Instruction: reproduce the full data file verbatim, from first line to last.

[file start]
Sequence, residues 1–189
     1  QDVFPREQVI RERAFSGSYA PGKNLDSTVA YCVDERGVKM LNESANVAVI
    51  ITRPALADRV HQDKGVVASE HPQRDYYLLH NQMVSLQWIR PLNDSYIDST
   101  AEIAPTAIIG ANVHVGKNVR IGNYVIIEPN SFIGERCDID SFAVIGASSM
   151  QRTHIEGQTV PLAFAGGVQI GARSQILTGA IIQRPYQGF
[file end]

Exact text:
Sequence, residues 1–189
     1  QDVFPREQVI RERAFSGSYA PGKNLDSTVA YCVDERGVKM LNESANVAVI
    51  ITRPALADRV HQDKGVVASE HPQRDYYLLH NQMVSLQWIR PLNDSYIDST
   101  AEIAPTAIIG ANVHVGKNVR IGNYVIIEPN SFIGERCDID SFAVIGASSM
   151  QRTHIEGQTV PLAFAGGVQI GARSQILTGA IIQRPYQGF